June 2, 2020
Date Completed
June 19, 2020
Status
3. Completed
Research Team
Long Term Care
Key Findings
The majority of studies show elderly persons (>65 years) have significantly longer COVID-19 incubation periods compared to younger adults with a mean difference of +3.9 days (Lieu J et al. 2020; Kong TK et al. 2020; Jiang et al. 2020; Guo et al. 2020). One study showed no difference between those >60 years and younger patients (Lian et al. 2020).
Median incubation period across all studies (all ages) was 5 days (5.4 days mean). Jiang et al. (2020) report a mean incubation period of 7 days for younger adults and 10.9 days for those over age 65.
Upper limit of incubation period is 12-14 days with one study reporting 27 days (Nanda et al. 2020).
Median duration from symptom onset to death is 11.5 days in persons >70 years vs. 14 days in younger adults (Geriatric Emergency department collaborative March 2020).
Older age and more severe infections are associated with higher viral loads; however, viral shedding is not associated with infectivity. (European Centre for Disease Prevention and Control, 2020).
Doubling time of COVID-19 among residents from a single long-term care home was estimated to be 3.4 days compared to 5.5 days in the general population in the surrounding county (Arons et al. 2020).
Infected patients over the age of 65 years remain contagious for a significantly longer period (22 days vs. 19 days, p=0.015; Ziao et al. 2020).
Viral shedding may be longer for immune compromised patients (BC CDC 2020).
Symptom duration varies by nature of the symptom with a median time from diagnosis to discharge from hospital ranging from 13 days (range = 7-17; Ki et al. 2020) to 18.5 days (range = 11-27; Kim et al. 2020).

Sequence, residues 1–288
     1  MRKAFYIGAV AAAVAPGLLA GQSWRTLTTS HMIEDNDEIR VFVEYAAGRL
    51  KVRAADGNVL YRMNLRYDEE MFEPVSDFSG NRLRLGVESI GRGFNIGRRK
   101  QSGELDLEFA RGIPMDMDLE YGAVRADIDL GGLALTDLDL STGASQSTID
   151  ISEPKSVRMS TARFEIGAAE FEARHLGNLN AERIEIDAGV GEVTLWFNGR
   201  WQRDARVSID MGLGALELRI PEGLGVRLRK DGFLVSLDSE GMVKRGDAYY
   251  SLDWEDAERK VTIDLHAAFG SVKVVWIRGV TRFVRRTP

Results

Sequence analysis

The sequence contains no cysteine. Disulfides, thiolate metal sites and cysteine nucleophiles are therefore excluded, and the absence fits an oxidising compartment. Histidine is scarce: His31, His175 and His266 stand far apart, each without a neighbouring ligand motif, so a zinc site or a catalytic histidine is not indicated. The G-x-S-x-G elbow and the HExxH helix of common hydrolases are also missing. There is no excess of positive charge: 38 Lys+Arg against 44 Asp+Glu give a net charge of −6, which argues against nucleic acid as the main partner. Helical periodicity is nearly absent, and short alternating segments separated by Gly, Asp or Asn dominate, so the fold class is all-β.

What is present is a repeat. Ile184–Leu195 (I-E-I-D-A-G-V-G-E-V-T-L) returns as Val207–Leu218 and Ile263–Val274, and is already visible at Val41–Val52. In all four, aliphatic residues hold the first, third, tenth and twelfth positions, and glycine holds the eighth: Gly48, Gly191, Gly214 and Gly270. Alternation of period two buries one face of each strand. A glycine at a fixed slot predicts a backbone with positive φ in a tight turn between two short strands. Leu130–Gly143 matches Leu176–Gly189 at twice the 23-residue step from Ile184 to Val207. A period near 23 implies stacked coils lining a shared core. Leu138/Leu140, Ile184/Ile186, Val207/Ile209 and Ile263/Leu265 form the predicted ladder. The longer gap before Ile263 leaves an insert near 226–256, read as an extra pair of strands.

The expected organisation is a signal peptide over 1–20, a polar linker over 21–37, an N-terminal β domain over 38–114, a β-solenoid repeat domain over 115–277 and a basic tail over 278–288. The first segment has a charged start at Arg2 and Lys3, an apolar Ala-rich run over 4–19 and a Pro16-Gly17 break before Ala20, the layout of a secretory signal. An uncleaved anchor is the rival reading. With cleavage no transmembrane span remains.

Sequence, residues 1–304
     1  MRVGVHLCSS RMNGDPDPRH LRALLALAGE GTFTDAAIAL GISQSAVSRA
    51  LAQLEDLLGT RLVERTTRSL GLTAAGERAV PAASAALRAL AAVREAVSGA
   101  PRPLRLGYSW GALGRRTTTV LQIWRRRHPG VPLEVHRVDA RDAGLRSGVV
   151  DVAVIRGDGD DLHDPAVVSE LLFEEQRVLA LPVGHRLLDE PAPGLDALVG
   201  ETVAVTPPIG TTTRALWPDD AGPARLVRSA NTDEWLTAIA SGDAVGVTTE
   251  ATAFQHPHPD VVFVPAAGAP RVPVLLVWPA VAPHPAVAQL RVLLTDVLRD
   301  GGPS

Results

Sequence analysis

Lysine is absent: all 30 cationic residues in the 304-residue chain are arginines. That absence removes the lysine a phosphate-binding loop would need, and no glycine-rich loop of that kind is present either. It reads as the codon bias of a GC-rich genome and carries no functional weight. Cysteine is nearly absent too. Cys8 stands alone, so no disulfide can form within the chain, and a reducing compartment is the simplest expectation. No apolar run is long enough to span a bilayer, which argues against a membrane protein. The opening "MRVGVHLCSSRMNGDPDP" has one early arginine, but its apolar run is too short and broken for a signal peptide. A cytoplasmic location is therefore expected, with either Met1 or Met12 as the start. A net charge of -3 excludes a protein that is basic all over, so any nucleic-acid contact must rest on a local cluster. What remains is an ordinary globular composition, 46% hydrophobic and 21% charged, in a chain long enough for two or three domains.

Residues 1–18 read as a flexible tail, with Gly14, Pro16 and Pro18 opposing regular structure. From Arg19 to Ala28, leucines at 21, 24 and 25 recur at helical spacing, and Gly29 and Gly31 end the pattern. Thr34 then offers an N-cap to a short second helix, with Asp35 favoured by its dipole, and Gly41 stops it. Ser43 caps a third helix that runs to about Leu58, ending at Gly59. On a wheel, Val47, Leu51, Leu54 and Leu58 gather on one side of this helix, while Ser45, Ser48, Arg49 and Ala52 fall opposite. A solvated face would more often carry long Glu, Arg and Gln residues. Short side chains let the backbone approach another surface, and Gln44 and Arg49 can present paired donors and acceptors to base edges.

There is limited information on basic reproduction number in older adult populations. These values vary by region and over time. R0 values for whole populations (all ages) have been reported as low as 0.48 (Ki et al. 2020) to 2.5 (Lewnard et al. 2020)
Please see related reports by the Laboratory Working Group available in the SHA COVID-19 repository (not specific to elderly). o LAB041601 RR Antibody development, viral shedding and infectiousness. o LAB040701-01 RR Proportion of disease transmission due to asymptomatic, pre-symptomatic and symptomatic cases.
Category
Epidemiology
Healthcare Services
Subject
Clinical Presentation
Transmission
Infection Prevention and Control
Elderly
Priority Level
Level 5 completed within 2 weeks
Cite As
Tupper, S; Ward, H; Dalidowicz, M; Ellsworth, C. What is the incubation period, rate of spread, and duration of infectivity of COVID-19 in older adults? 2020 Jun 19; Document no.: LTC060202 RR. In: COVID-19 Rapid Evidence Reviews [Internet]. SK: SK COVID Evidence Support Team, c2020. 28 p. (CEST rapid review report)
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Document Type
Evidence Search Report
Review Code
LTC060202-01 ESR
Question Submitted
June 2, 2020
Date Completed
June 12, 2020
Status
3. Completed
Research Team
Long Term Care
Document Type
Evidence Search Report
Review Code
LTC060202-01 ESR
Question Submitted
June 2, 2020
Date Completed
June 12, 2020
Status
3. Completed
Research Team
Long Term Care
Category
Epidemiology
Healthcare Services
Subject
Clinical Presentation
Transmission
Infection Prevention and Control
Elderly
Priority Level
Level 5 completed within 2 weeks
Cite As
Dalidowicz, M; Ellsworth, C. What is the incubation period, rate of spread, and duration of infectivity of COVID-19 in older adults? 2020 Jun 12; Document no.: LTC060202-01 ESR. In: COVID-19 Rapid Evidence Reviews [Internet]. SK: SK COVID Evidence Support Team, c2020. 25 p. (CEST evidence search report)